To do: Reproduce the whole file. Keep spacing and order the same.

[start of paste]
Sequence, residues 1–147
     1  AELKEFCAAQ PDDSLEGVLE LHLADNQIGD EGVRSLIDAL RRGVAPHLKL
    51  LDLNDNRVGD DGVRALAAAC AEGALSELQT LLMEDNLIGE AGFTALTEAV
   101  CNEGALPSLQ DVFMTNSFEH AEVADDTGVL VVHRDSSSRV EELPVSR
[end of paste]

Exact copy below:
Sequence, residues 1–147
     1  AELKEFCAAQ PDDSLEGVLE LHLADNQIGD EGVRSLIDAL RRGVAPHLKL
    51  LDLNDNRVGD DGVRALAAAC AEGALSELQT LLMEDNLIGE AGFTALTEAV
   101  CNEGALPSLQ DVFMTNSFEH AEVADDTGVL VVHRDSSSRV EELPVSR